Matisse, Manet and Sargent were brilliant painters; the rare duds in their oeuvre serve to point out just how brilliant they are. “When painters are that innovative and pushing painting in such new directions, they will be unsuccessful at times,” said Brad Marshall.
Spanish Dancer, 1879-82 (preparatory oil study for the main figure in El Jaleo), John Singer Sargent
And that is where I want to be: not painting what I know will sell, but painting outside myself.
This week, Pastor Bill Blakely suggested that if “I Am,” is the Lord’s name forever (Exodus 3:14), then all the “I am” statements we use to define and limit ourselves are in fact blasphemous. Thomas Kinkade was trapped by his “I am a great artist” statement; it was dissonant with the world’s opinion. Instead of painting setting him free, it made him miserable.

There are still a few openings in my 2014 workshop in Belfast, ME. Information is available here.

Just another beautiful day in Rochester

Highland Park by Brad VanAuken
For a few years now, I’ve had an ace-in-the-hole view at Highland Park—a long view through which the spire at Colgate Divinity is just visible. I took my class there this week only to find that the trees have grown so much that we were left with only a shrubby meadow. 
Highland Park by Sandy Quang
Still, it was a delightful shrubby meadow and early enough in the year that the greens were still somewhat differentiated. That meant this could be an exercise in seeing the different colors within green, and at that, they excelled.
Highland Park by Anna McDermott
Last week I started a painting with a sepia value study, a technique I used to use all the time and which I abandoned. I decided to try this out on my students, and they ran with it.
Highland Park by Nina Koski
I don’t really know why I abandoned this, because it allows you to make compositional assessments without distracting yourself with color.
And last but not least, Highland Park by little ol’ me. No, you can’t buy it; it was a procedural demo and I wiped it out before leaving the park.

There are still a few openings in my 2014 workshop in Belfast, ME. Information is available here.

Opening day

A happy crowd at the VB Brewery in Victor.
Our student show yesterday was a lovely success—a great turn-out, lively chatter, and lots of wonderful desserts that went surprisingly well with beer. Two paintings have sold and one silent-auction piece (raising money for the Open Door Mission) has exceeded its minimum bid so will sell by the end of the month.
Who knew that Carol Thiel was a twin? (I insisted she and her sister pull out their licenses to prove it.)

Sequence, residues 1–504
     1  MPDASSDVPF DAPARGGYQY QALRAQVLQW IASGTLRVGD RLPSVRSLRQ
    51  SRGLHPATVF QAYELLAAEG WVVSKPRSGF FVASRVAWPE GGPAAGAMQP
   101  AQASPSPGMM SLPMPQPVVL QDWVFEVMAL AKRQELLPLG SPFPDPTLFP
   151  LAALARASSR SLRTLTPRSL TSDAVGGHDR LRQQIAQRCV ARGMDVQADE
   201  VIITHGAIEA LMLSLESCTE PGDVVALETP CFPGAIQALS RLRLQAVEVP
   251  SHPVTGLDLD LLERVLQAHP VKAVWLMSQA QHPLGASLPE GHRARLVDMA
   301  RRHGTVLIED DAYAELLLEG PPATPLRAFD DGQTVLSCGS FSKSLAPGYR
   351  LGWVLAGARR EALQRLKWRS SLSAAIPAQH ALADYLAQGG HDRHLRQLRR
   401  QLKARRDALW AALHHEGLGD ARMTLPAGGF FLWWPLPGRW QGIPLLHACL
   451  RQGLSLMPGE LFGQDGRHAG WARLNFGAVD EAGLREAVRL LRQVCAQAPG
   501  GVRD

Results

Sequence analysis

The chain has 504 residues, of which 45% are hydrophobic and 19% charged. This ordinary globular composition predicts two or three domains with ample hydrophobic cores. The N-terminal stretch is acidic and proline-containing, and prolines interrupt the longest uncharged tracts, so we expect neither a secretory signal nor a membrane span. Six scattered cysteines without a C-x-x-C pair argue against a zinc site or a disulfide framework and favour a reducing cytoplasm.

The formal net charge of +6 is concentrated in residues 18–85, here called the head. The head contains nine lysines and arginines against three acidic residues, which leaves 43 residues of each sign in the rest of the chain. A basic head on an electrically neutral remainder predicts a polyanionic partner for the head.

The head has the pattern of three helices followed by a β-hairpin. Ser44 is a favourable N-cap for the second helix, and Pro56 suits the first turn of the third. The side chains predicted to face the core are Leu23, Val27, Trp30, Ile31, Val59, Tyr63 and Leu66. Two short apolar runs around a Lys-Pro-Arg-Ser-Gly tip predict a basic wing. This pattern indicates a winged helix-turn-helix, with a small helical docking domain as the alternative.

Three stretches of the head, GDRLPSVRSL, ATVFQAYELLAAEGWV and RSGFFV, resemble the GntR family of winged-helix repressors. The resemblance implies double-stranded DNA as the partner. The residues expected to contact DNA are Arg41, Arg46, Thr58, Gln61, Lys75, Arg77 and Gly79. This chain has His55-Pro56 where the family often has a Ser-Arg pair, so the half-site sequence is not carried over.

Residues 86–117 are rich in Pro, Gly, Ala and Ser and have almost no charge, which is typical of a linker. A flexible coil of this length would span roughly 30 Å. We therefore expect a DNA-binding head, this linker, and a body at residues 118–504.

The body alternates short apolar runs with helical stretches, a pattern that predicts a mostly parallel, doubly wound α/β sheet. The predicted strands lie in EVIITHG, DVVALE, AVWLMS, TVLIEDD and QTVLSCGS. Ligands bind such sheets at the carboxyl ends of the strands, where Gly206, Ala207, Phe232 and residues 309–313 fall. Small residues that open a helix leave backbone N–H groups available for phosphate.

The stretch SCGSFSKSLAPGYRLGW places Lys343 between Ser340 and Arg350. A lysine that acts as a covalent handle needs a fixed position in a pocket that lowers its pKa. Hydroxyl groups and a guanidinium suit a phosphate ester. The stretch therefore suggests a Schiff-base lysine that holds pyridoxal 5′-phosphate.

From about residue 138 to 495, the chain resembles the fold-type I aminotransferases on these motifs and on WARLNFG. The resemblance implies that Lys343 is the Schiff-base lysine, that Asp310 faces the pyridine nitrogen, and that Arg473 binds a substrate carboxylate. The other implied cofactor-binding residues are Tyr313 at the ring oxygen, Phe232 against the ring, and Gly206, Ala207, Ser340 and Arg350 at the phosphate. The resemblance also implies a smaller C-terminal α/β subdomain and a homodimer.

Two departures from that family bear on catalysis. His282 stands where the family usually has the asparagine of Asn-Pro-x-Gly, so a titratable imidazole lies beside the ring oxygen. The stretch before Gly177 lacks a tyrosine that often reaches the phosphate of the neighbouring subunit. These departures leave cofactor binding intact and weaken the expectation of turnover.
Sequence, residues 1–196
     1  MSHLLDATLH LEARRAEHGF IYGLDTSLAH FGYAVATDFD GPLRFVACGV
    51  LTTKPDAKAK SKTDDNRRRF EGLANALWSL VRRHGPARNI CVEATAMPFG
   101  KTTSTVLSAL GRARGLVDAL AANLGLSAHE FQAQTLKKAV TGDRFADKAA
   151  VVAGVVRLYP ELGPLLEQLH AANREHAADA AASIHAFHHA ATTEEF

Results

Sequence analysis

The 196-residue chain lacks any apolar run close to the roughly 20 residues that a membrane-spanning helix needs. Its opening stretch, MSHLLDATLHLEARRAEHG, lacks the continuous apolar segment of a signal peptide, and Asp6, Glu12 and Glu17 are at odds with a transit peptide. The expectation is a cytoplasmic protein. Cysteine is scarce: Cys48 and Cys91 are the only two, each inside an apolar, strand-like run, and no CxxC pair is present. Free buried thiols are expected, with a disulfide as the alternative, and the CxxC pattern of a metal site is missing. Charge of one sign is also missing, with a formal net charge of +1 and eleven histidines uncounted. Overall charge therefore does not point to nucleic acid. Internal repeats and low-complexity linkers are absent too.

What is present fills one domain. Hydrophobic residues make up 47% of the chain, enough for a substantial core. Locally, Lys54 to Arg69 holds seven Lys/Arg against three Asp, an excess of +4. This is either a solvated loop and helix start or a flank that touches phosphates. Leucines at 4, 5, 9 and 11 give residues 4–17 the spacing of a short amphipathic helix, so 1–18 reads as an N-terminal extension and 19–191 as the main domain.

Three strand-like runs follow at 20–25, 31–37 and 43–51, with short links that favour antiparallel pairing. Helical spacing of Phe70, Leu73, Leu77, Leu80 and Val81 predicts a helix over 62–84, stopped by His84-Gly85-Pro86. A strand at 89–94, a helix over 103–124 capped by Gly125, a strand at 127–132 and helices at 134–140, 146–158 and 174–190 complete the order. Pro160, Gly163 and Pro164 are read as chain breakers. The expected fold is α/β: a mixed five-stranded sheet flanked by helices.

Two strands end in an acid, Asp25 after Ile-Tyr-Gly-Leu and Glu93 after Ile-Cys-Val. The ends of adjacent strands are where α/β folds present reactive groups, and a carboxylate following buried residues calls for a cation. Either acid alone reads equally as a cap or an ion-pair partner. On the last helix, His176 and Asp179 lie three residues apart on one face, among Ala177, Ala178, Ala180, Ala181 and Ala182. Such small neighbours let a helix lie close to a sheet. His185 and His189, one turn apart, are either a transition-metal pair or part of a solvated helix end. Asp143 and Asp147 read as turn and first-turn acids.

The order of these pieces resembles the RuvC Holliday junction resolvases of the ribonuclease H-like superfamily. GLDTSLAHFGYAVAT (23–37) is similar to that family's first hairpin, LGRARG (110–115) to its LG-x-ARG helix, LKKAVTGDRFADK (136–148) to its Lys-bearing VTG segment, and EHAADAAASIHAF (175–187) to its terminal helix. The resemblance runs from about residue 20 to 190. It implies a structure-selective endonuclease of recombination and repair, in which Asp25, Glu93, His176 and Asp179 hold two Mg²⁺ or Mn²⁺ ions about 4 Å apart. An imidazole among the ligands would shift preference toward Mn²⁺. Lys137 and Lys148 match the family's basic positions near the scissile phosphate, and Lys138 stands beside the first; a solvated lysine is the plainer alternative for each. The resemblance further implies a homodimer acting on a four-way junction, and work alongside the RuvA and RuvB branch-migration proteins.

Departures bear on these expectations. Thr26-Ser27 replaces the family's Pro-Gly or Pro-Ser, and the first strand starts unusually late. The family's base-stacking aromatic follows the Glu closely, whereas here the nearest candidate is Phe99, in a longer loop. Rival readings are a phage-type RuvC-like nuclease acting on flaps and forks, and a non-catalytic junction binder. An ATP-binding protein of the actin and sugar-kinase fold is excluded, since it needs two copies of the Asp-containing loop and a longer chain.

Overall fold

I missed my own opening at Bethel’s Aviv Gallery on Friday. I’d called my doctor on Thursday to ask him for an inhaler because I was having trouble breathing. By the time I got back into Rochester, my right leg was swollen and stiff. Combine the two with recent gynecological surgery and your doctor naturally suspects a deep vein thrombosis. This earned me a trip into the emergency room at Rochester General. By the time they concluded that it was coincidence and I’m actually healthy as a horse, it was 8:48 PM and my opening ended at 9.
If you forget a knife with which to cut the cake (which was drooping in the heat) you can always use a pocket knife… as long as it’s not yours, since it will get full of frosting and crumbs.
My deepest apologies to Richmond Futch, Jr. I’d promised him I’d be back from mid-Hudson in time for my opening.
Ilsa Koski, Kim Gorall and Nina Koski. Speedo the Hermit Crab goes to a new home.
Frankly, those few hours on a gurney were the most restful of my week. No way to work in an ER, so you might as well close your eyes and doze off. My greatest ambition today is to read a dumb novel and and enjoy the scent of the lilacs outside my window.
Ancient Roman beer bottle.
There are still a few openings in my 2014 workshop in Belfast, ME. Information is available here.

Sunset at Olana

Clouds over the Hudson, by little ol’ me. $795, framed.

A select group of New York plein air painters—my pals—have been in the Catskills painting this week. On Wednesday, Nancy Woogen and Johanne Morin saw a bear swimming in a lake, a rainbow, and a painted turtle laying eggs. I saw only one of those things (the turtle) and was awed by it; they must have been gobsmacked.

Sunset over the Hudson, by little ol’ me. $795, framed.
Last night, I was leaving the grounds of Frederic Church’s Olana at dusk, having painted the sunset. I was completely alone. I sometimes have an intuition that there is wildlife close by. I slowly coasted the lanes out of the historic site, hoping to glimpse a bear. No dice so I sped up to 55 MPH as I entered the road—only to narrowly miss a bounding doe.
To amuse myself, I attempted to paint just like Jamie Williams Grossman. That really didn’t work so well; we’re too different, but it was a fun experiment and I think I might show my students how to start indirectly like she does.Here are our easels, side by side.
We’ve been surrounded by crazy numbers of tourists as we’ve painted this week. Nothing unusual in that for me, except that it usually happens on the Maine coast, not in an untamed wilderness. Plein air painters have a different relationship with nature than most visitors. Tourists hike up trails, they linger on sunlit rocks, and then they head down to their cars to drive to the next vista. Nothing wrong with that—I love hiking myself. But it is unlikely that you will come face-to-face with nature that way.

Painting at Olana! Oh, my!
Meanwhile, we’re in our corner, struggling with our paint. Most of the time, that’s an introspective thing, and we’re concentrating on the canvas. But because we are essentially still, and we’re there for a long time, the woodland has a tendency to sneak up on us. Still, at the end of the day we get in our cars and drive away, the windshield separating us from the wilderness as it does everyone else.